all costs before you even consider taking other people up in your airplane and
you are responsible for their lives. You should have an instructor who will
intentionally cut the engines and teach you how to handle the aircraft without
the aid of power and to glide it safely to the ground. You should also get what
they call "spin" training which is what you will need if you suddenly find the
aircraft spiraling to the ground "spinning" while you frantically try to figure
out how to pull out and save your life and the airplane as well.

This part of your training will be a bit frightening. But your instructor will
be able to put you into the situations you need to understand and talk you
through them so you have the knowledge you need to recover from disasters if
they happen to you while flying. You will be glad you are prepared even if you
never experience problems flying and it will give you self confidence to know
that you were taught how to respond to crisis rather than having to figure it
out when it happens.

Helicopters to the Rescue

Getting a pilot's license with the intent on learning to fly a helicopter is a
very ambitious goal. But of all of the aircraft, the helicopter is probably one
of the most versatile and useful kinds of flying in society. However, it might
be obvious that it is more complicated to fly a helicopter than a conventional
private airplane. So the training is more extensive, difficult and expensive as
well. But adding the helicopter to the list of your piloting skills on your
resume will make you tremendously marketable in a field that is always in need
of well trained pilots.

You don't have to look far to find ways that helicopter pilots are getting
great jobs in all segments of society. Every local news team has at least one
if not several traffic or weather helicopters to help report the news. Every
day these pilots whisk a news team off to the heart of a fast breaking story,
often a story that is filmed directly from the cockpit of their helicopter.

The need for helicopters to assist law enforcement is easy to witness by just
watching any cop or detective show on television or in the movies. But the way
the pilot of the helicopter becomes a big part of many police situations is not
overstated. For law enforcement, the need to get right to the heart of a crime
situation is nothing short of critical. Time makes a big difference when it
comes to solving a crime or stopping a dangerous situation from spiraling out
of control. So many times it is the helicopter pilot who can take a team of
highly skilled police or FBI officers right into the middle of a trouble
situation with pinpoint accuracy. And when those heroes of the police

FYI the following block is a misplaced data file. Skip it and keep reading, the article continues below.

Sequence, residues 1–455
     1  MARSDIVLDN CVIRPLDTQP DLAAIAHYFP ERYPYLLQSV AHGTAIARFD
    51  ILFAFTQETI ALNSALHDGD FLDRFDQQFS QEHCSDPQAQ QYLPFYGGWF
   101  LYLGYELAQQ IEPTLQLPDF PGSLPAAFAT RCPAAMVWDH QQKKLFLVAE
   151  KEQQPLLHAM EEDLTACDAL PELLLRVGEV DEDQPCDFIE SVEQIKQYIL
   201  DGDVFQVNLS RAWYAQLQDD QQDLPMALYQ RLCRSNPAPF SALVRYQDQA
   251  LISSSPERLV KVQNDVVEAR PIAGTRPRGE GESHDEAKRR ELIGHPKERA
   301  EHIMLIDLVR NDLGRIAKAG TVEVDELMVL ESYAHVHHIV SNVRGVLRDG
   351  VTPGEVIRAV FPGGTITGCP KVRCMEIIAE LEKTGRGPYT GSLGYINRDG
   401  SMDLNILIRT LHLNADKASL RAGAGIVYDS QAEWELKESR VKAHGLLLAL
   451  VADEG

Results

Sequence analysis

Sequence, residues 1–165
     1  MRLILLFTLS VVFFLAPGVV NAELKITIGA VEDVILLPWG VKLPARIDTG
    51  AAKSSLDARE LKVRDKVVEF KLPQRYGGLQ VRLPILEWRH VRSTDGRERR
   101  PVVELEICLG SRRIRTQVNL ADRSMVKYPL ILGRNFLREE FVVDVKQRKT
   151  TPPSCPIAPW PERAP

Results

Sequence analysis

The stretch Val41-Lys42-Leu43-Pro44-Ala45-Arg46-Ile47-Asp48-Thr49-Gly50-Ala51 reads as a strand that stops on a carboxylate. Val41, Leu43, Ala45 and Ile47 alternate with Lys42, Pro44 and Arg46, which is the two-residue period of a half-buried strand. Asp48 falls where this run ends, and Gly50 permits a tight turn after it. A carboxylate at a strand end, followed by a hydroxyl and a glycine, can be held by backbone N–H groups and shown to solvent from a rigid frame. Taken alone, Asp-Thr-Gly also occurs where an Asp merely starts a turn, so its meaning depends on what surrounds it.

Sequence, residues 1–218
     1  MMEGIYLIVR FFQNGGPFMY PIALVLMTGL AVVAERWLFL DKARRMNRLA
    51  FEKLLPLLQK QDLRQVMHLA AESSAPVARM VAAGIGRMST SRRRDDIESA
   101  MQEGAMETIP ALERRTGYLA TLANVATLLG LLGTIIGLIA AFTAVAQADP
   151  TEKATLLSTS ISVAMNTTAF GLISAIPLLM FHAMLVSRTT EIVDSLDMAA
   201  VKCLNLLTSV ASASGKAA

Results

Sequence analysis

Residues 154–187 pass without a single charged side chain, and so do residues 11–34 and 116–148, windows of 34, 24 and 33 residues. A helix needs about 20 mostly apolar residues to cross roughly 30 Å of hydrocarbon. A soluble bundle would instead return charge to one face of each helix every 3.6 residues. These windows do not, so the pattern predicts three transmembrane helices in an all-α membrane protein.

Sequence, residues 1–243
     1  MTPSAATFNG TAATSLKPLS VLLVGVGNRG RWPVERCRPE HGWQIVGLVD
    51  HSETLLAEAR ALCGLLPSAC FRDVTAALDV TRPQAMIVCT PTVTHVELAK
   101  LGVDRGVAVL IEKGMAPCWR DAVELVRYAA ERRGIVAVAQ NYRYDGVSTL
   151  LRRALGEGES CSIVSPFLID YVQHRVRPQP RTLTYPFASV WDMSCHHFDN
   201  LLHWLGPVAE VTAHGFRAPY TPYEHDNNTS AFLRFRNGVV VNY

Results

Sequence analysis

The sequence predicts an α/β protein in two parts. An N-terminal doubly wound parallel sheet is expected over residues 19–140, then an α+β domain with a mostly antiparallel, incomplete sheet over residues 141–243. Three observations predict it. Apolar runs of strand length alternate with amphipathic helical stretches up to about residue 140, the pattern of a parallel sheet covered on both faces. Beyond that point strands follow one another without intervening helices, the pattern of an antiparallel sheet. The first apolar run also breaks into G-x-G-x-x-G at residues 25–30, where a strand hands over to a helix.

department can save a life because you got them there fast, there is no way to
estimate how great you will feel about your role in that important job.

Helicopter pilots can find great employment giving rides around the city during
the holidays, flying busy executives to high stakes business meetings from the
top of skyscrapers, whisking rock stars away from overly adoring fans or
working for hospitals getting remote patients to medical care quickly and
saving lives in the process. This means that the chances are your life as a
helicopter pilot will be exciting, fast paced and always doing something urgent
taking you to the most interesting of places.

But of the many ways that helicopter pilots find great jobs helping others in
society, rescue missions may be the most meaningful. During the hurricane
Katrina disaster, it was a common thing to see helicopter pilots going in and
plucking people off of rooftops to take them to safety and to be reunited with
their grateful families. In forest fire situations, helicopters are what are
used to dump water or chemicals on the fire to try and stop the burning. And it
is the helicopter that is used to get in the middle of danger and get people out
or to get the injured to medical professionals quickly and save lives. Your
skills in handling that complicated aircraft will never seem more crucial than
when you are using them to benefit your fellow man in trouble.

You should know the demands that will be put on you when you start on your
course to learn to fly a helicopter and get a pilot's license that says you can
be counted on to handle this important vehicle with skill. Unlike a conventional
airplane, the helicopter and maneuver straight up and side to side with
phenomenal flexibility. It can hover over a location virtually in one place and
be landed with nothing more needed than a small plot of ground to place it down
on rather than a long landing field. The skill to be able to actually do these
maneuvers with this precision flying machine take time and money to gain.

You will work very hard in pilot's school for helicopter pilots. And this
specialization of pilot training is anywhere from 5-10 times more expensive
than conventional pilots training. But if you can get the training under your
belt and the experience to show you can handle a copter like pro, the
employment opportunities are abundant and the money good for you to have an
exciting and diversified career flying helicopters as your job and your passion.